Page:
2021 – Another year with COVID

Posted 12/30/21

Let’s try this again.

While 2020 will long be remembered as the year of COVID-19 and a worldwide pandemic, 2021 was in many ways more of the same, but also a year in which so many things tried to return to normal.

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2021 – Another year with COVID


Let’s try this again.

While 2020 will long be remembered as the year of COVID-19 and a worldwide pandemic, 2021 was in many ways more of the same, but also a year in which so many things tried to return to normal.

But even that was waylaid by a winter storm of historic proportions.

Only to be reminded that the pandemic did not go away, with a big surge in late summer-early fall, just as schools were trying to resume.

The surge was courtesy of a new variant of the coronavirus known as Delta, and proved to be more communicable and more deadly than the original wave.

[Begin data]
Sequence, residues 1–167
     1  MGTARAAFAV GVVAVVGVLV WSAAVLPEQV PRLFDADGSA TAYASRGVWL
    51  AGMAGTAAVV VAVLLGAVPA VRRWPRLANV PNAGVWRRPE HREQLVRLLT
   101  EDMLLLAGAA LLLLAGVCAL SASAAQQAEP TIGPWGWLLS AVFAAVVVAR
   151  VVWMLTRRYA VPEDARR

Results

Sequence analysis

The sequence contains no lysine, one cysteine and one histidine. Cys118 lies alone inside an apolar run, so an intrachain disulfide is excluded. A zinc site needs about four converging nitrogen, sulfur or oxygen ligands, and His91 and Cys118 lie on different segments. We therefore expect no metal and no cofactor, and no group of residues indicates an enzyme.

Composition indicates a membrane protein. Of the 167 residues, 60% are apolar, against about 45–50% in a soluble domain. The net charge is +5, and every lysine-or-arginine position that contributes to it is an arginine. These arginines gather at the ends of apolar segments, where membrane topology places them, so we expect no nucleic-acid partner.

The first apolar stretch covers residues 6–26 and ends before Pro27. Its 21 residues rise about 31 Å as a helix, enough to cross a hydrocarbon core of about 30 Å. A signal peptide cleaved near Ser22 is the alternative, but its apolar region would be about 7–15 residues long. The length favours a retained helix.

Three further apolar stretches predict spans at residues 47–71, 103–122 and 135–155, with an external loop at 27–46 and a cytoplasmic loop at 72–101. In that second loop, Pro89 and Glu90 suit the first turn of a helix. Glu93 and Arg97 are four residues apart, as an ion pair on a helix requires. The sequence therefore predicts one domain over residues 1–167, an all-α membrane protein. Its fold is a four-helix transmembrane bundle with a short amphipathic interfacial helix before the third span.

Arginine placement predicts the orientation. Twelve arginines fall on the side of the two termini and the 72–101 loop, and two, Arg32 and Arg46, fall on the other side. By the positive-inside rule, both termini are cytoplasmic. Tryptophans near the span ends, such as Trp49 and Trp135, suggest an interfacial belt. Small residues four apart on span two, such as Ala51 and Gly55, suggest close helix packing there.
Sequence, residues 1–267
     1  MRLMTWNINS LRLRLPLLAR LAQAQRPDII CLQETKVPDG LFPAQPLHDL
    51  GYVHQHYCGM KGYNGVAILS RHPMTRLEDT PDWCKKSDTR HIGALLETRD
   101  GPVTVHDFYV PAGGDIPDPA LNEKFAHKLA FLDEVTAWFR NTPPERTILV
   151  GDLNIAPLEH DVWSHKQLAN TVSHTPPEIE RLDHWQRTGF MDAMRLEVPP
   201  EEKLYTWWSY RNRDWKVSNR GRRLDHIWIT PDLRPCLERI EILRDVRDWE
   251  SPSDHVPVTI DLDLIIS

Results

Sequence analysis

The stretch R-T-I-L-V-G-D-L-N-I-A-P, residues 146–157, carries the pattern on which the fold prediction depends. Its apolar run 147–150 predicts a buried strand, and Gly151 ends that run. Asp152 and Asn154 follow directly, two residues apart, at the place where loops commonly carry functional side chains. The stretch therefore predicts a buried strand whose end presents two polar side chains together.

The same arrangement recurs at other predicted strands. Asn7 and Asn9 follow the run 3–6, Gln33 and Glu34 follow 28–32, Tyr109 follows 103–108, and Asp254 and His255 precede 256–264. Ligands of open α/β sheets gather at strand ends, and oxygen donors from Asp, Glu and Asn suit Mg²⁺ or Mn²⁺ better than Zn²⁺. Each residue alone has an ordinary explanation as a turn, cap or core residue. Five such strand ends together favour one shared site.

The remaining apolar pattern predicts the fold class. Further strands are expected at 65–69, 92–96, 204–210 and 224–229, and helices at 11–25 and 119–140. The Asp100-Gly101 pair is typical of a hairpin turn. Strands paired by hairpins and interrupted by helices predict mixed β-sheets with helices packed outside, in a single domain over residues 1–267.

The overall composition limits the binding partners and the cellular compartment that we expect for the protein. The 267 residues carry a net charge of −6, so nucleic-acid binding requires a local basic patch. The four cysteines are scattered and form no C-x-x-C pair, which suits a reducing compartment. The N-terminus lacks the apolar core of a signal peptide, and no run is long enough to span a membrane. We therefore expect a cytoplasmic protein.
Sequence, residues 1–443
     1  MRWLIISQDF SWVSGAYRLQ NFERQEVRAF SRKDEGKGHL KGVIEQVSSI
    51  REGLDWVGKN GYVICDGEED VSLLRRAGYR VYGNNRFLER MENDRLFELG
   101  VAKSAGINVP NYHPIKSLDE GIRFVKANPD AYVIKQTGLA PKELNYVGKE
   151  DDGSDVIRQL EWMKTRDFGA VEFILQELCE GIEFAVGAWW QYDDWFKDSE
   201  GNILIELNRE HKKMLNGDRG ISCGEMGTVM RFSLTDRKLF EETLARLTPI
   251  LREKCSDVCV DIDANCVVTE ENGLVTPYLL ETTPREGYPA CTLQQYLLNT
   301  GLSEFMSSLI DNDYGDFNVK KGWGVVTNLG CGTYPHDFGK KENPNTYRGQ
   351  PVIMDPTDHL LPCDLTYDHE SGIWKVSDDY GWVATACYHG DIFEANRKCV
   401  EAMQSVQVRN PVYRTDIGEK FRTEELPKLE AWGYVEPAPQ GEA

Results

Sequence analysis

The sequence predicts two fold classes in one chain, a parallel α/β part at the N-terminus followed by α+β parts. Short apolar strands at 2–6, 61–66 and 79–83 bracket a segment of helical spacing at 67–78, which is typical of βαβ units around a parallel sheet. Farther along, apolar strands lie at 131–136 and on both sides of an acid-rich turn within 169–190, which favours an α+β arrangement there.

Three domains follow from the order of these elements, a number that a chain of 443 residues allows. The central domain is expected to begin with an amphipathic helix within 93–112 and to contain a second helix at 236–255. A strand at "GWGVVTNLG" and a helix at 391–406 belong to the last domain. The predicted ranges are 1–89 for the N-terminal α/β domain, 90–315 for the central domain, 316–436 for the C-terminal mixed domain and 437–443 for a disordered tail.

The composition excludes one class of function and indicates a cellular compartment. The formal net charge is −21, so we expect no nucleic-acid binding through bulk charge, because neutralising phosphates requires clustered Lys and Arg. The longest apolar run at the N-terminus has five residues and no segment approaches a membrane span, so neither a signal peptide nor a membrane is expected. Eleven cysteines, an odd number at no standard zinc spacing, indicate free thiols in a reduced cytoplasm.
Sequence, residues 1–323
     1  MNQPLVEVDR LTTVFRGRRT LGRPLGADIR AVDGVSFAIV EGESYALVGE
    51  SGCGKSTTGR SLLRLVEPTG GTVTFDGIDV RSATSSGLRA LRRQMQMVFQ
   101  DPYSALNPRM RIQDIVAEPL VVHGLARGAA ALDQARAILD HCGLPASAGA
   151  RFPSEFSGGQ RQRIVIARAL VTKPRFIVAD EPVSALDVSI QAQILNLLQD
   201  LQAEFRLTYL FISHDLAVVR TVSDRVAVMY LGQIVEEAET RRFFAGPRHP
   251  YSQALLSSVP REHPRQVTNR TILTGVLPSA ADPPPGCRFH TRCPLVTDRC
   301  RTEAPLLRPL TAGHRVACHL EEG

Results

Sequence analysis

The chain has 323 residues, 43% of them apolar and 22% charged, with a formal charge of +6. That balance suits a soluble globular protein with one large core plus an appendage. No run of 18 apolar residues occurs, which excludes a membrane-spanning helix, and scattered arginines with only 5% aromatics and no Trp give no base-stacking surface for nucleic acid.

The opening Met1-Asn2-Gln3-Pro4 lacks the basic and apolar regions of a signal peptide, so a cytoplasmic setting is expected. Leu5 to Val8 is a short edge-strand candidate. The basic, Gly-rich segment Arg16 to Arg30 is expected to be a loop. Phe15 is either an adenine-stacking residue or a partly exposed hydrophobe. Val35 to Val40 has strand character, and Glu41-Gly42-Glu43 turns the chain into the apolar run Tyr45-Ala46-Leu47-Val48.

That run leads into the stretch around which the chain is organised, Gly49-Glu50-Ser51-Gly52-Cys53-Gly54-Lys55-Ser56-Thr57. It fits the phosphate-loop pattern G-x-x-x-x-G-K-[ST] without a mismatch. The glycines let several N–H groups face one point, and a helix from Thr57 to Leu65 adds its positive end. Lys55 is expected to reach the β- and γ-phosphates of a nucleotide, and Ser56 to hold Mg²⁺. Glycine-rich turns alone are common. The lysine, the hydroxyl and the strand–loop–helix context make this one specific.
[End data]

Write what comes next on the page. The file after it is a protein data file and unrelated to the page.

And it continued to spread in the face of rising numbers of vaccinations – something the world did not have as a tool to fight with during 2020.

As the year ended yet another letter of the Greek alphabet emerged as the next variant – Omicron – more transmissible but in the early stages apparently not as severe as Delta.


The year started as most in odd-numbered years with the swearing in of new county officials, elected during the November general election, though they were technically chosen by voters during the spring Republican primary with no opposition from the Democrats.

New office holders included District Judge Brad McCampbell and Sheriff Kelly Cole, both of whom defeated incumbents.

The Wood County Economic Development Commission also introduced a new face with the hiring of Christophe Trahan as executive director.